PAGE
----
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Into Africa

From photo safaris to rhino wake-up calls, Africa beckons with gripping wildlife experiences
Larry Olmsted
From the Print Edition:
Pierce Brosnan, Nov/Dec 97

(continued from page 4)

Don't try to cram all of Africa into one trip, Lungmus suggests: "Plan on coming back to Africa. There is an undeniable magic in the wildlife and people there that draws visitors back again and again." *

Larry Olmsted, who frequently writes about travel, golf and outdoor recreation, lives in Vermont.


Entry Requirements: Visas are required before departure for most African countries. While few countries require Americans to be vaccinated, doctors strongly recommend yellow fever and other inoculations, as well as preventive malarial medication. Also consult your tour provider and the Center for Disease Control's International Traveler's Hotline at (404) 332-4559 for specific precautions you must observe for your itinerary.

Operators: Finding a good tour provider is imperative. The family-owned Micato Safaris (212-545-7111) is known for its excellent guides and personal service. The agency offers group and custom private trips, as well as cruise/safari combinations, and top-notch lodges and camps. Another respected name is Abercrombie & Kent (800-323-7308), which offers a wide range of trips throughout the continent, including private and mobile tented safaris. Mountain Travel-Sobek (800-227-2384) and Geographic Expeditions (415-922-0448) concentrate on active trips, including foot safaris and naturalist trips. API Travel Consultants has specialized knowledge of safari outfitters, and can book any of the above suppliers. For the agent nearest you, call (800) 401-4274.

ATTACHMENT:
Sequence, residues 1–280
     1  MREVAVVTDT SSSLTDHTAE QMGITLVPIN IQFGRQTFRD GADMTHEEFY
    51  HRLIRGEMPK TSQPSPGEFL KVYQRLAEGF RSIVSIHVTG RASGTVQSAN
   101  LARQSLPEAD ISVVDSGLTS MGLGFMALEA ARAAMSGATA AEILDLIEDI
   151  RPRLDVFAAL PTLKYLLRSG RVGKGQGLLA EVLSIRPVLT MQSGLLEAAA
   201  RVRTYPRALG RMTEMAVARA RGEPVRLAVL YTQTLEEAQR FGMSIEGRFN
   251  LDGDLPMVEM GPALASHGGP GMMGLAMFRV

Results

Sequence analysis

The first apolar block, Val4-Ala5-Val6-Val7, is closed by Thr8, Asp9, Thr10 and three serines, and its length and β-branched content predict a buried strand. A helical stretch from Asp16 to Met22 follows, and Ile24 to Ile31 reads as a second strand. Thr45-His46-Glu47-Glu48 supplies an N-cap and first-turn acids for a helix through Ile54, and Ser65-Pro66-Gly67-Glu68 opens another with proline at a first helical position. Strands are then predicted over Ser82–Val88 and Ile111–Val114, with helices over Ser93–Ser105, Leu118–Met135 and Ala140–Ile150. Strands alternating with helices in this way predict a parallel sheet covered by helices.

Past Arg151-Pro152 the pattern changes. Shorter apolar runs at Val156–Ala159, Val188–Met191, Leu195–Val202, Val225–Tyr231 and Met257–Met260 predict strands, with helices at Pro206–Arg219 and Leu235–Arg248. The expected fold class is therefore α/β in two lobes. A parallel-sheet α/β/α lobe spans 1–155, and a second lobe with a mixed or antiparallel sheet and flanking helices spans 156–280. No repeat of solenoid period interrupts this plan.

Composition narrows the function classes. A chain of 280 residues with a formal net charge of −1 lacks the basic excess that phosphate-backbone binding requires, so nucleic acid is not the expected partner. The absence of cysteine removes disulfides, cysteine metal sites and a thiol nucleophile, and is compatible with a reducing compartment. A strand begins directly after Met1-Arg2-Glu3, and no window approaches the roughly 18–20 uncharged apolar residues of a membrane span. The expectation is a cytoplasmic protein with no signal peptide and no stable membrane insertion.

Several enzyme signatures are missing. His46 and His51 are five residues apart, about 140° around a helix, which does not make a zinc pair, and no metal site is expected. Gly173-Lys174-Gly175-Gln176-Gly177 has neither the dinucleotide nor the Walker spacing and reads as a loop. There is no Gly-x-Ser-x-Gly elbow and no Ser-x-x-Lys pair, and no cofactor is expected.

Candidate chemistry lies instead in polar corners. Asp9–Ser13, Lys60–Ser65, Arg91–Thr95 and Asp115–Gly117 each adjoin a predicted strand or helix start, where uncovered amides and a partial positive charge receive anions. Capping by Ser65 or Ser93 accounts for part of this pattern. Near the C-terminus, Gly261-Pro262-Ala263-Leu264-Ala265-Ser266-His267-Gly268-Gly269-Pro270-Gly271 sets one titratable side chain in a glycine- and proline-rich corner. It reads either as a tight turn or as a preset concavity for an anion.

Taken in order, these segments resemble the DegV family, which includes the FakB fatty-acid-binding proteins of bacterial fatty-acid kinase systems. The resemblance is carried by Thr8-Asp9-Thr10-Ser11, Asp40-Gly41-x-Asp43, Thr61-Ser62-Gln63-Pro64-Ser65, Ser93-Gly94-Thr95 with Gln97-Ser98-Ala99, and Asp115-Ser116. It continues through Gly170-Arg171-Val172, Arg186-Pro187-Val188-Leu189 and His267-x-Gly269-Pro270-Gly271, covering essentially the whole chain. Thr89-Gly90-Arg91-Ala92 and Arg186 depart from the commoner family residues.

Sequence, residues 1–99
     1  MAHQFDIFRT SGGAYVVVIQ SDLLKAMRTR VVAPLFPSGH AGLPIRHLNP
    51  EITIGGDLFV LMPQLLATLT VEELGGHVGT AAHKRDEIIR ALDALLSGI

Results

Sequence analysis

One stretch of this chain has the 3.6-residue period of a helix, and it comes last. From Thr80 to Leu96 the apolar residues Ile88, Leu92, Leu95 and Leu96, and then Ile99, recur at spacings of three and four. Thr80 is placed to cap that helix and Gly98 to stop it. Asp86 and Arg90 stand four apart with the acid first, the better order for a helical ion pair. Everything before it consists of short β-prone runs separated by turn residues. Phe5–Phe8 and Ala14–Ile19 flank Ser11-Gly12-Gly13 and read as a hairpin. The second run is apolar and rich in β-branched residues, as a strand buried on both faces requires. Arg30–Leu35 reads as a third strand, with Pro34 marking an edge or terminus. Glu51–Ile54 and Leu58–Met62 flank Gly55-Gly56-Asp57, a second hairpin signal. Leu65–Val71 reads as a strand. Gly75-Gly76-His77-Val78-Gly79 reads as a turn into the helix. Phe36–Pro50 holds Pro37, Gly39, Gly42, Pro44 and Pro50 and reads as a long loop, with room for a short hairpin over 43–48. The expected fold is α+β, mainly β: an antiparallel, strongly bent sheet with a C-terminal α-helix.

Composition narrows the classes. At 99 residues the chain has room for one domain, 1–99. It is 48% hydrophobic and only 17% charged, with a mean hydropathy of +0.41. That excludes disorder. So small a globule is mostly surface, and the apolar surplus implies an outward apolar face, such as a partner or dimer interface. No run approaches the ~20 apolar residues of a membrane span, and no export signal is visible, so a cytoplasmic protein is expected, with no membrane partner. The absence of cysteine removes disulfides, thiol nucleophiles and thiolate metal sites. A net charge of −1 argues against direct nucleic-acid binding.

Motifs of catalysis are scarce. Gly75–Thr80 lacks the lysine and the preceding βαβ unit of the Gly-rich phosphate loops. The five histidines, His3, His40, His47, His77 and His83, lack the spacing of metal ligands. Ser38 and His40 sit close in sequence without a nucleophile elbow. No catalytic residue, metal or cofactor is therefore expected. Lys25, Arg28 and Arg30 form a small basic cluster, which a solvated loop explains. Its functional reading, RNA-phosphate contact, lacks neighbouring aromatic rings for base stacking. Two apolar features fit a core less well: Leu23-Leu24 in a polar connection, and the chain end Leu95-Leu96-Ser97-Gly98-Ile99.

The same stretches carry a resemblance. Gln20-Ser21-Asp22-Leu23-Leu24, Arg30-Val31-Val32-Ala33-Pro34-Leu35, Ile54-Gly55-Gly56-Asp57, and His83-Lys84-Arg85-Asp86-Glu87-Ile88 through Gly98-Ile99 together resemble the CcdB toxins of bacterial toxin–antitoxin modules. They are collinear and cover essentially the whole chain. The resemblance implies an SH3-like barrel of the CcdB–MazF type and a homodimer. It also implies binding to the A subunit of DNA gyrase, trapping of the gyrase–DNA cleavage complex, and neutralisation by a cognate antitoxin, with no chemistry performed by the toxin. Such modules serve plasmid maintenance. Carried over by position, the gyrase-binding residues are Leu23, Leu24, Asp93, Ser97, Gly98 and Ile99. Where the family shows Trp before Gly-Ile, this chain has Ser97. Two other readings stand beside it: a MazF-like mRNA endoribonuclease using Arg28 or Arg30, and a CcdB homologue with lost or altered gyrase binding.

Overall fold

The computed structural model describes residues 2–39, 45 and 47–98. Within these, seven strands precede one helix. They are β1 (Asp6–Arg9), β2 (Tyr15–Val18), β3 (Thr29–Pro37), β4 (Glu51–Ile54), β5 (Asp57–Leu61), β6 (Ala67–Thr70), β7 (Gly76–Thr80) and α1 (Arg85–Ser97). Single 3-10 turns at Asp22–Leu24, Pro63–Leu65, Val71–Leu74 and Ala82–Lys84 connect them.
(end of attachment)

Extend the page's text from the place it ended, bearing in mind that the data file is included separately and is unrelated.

Photography: For a photo opportunity of these proportions, you may want to leave your compact camera home and invest in something with at least a 200mm lens. Use ASA400 film or higher, because you'll be shooting at dusk and dawn. Bring plenty of film; guests typically use two or three 36-exposure rolls a day, and it can cost up to $30 a roll in East Africa. Bring spare video batteries as well. Most safari vehicles are equipped with charging outlets.

What To Bring: Pack warm sweaters, as the temperatures plummet at night. Safari vests may look funny, but they will hold all your film, camera batteries and such valuables as money, credit cards and your passport. For hiking you'll need sturdy shoes; casual footwear is fine for vehicle safaris. Sunscreen and sunglasses are a must, as is very strong insect repellent for protection against malaria. A good pair of binoculars is also recommended. --LO

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